When I settled in Sierra Vista after college, I resumed bicyling—in my business clothes—to my first job as a technical writer, less than two miles away. Of that commute, I recall seeing mesmerizing color combinations created by lights reflecting from anodized aluminum slats in chain-link fences. I never did figure out where that turquoise color came from.
Next, from the LBS came a Schwinn Voyageur. I commuted to work many years on the Voyageur, and took at least one wonderful tour: a perimeter ride of the Gila Wilderness. Despite the fact that these Voyageurs enjoy a loyal following due to their intricate fittings, the Voyageur just never felt "right," so when one of the doyennes of Tucson's Greater Arizona Bicycling Association advertised to sell her Miyata 1000LT tourer, I was right on that. A true touring machine with strong 36-spoke triple-cross wheels, relaxed geometry, bar-end shifters, nice triple chainring, long wheelbase, and lots of braze-ons. The handling of the bicycle improved with weight, especially with front panniers.
Sometime during this, I also completed two El Tour de Tucson 109-milers in high style, along with 5,000 other cycling enthusiasts, on the go-fast Schwinn Super Sport road bike, as well as a few many centuries and double metric centuries.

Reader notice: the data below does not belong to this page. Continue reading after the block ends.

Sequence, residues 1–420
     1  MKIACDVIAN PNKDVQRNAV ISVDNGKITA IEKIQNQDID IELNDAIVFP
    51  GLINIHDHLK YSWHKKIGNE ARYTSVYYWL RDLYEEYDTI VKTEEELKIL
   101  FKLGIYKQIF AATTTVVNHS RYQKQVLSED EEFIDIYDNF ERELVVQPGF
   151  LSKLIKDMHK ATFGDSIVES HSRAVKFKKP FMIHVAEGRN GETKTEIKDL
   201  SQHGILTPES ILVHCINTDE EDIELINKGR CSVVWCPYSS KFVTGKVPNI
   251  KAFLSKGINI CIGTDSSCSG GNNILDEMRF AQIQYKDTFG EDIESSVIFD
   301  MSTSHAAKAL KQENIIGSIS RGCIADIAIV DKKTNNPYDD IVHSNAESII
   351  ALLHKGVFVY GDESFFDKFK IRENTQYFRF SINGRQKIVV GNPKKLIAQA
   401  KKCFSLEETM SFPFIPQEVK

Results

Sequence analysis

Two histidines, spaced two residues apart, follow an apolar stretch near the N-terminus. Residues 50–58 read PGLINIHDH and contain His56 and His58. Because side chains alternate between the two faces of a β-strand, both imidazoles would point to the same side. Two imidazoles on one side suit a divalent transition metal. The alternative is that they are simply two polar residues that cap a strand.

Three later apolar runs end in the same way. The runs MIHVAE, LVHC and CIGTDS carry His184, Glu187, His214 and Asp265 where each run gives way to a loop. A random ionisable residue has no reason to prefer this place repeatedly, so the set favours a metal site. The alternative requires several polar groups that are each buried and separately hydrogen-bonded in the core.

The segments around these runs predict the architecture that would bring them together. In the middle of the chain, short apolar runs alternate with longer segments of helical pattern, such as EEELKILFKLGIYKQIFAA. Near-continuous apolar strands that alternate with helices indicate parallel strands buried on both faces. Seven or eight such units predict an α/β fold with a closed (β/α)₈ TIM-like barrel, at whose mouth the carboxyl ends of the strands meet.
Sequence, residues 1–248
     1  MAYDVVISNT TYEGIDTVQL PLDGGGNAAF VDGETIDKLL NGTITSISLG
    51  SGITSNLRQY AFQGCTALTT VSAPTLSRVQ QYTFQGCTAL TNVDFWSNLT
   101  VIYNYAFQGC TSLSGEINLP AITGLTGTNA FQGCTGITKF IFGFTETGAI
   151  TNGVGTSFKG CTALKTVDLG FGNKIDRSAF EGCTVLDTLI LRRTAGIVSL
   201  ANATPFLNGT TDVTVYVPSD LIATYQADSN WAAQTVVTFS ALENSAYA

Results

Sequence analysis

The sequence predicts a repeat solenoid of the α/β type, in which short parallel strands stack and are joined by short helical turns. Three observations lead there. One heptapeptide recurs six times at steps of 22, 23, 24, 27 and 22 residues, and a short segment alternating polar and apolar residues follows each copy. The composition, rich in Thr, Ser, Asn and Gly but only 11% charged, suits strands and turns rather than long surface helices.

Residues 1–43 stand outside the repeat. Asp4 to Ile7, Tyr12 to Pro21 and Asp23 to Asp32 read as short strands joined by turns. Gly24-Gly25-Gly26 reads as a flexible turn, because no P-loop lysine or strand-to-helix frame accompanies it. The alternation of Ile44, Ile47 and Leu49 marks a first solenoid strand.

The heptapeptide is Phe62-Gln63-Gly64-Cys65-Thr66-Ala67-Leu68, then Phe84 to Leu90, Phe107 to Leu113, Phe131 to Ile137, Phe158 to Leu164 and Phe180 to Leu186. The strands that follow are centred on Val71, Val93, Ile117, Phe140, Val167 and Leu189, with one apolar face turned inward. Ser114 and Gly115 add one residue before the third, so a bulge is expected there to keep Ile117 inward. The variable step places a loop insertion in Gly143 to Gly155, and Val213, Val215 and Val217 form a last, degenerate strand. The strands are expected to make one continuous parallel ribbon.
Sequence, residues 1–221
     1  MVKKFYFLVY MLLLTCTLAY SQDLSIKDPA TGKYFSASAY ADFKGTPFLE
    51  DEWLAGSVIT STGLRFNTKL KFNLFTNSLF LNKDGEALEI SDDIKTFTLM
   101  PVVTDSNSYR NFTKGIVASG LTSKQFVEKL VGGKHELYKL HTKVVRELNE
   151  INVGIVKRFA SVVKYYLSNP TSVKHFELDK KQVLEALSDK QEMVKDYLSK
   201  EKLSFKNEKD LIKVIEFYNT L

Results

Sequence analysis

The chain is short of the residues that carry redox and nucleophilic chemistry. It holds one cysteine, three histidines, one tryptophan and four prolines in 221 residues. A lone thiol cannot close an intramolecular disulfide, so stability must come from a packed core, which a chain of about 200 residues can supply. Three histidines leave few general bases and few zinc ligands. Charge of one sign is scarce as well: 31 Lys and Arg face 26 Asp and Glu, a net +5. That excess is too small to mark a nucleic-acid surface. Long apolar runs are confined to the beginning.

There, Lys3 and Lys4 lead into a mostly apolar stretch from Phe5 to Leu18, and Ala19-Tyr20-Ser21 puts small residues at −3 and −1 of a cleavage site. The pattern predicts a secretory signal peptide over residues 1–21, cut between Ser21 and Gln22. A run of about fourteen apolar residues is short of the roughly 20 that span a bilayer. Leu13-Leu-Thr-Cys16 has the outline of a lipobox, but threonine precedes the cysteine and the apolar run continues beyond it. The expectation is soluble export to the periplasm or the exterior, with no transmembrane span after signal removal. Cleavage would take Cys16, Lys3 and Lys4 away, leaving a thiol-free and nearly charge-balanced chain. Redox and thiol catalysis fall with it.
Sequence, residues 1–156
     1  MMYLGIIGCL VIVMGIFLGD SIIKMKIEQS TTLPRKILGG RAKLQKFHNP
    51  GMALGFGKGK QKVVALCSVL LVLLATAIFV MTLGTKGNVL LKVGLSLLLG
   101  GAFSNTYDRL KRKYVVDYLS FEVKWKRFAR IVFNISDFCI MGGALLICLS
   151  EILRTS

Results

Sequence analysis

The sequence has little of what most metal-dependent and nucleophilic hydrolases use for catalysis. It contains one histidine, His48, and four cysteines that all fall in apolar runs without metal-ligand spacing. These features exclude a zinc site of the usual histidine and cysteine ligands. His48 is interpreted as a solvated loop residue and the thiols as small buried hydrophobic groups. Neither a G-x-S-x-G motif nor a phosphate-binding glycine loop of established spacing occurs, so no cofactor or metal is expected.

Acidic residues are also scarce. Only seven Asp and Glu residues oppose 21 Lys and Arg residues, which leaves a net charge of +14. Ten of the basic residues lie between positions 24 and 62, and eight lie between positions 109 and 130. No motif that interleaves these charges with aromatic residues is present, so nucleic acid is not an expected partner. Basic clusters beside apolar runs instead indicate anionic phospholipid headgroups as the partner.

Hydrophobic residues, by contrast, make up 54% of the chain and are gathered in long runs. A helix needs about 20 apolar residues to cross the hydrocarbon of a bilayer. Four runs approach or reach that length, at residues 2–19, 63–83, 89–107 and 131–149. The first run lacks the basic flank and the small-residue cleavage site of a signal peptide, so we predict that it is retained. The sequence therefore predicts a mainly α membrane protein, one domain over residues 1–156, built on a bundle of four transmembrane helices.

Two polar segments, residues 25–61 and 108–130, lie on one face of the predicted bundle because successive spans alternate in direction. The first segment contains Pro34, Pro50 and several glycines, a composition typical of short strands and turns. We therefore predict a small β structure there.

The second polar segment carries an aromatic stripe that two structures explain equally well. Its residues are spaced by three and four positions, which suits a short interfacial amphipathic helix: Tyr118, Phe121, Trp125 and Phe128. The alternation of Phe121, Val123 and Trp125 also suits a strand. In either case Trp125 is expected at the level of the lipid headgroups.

I also owned a mountain bike, but my bicycle-handling skills were just a few degrees north of my intrepidness: not my cup of tea, although I loved riding the dirt roads in southern Arizona's San Rafael Valley.
After seven years of commuting to and working in the same place, I put all my worldly goods in storage, found a temporary foster home for my lovely cat, and flew to San Diego with my Miyata and panniers, bicycling east to the Atlantic Ocean: seeing America at 12 miles per hour, solo and self-contained.
For years at Texas A&M University, I commuted to work on the Miyata with panniers or my go-fast Demarais of the gorgeous pink Imron paint job.
Still I'm a bicycle commuter, a short 2.25-mile ride each way to Texas A&M University, but I enjoy even this short-and-not-scenic commute. I park my Downtube folding bike in the bike rack and change upstairs. After more than two decades, this packing/commuting/refreshing/changing thing is routine and second nature.
|My Downtube folding bicycle: love it!|
On September 3, I'm looking forward to participating in Courteous Mass, a takeoff on the urban Critical Mass bicycle demonstrations to raise awareness of the impact of cycling. Ifound a small note about the event taped to my handlebars. The group will meet behind a popular college watering hole and ride en masse the 4 miles to downtown Bryan's First Friday event. I'm so excited.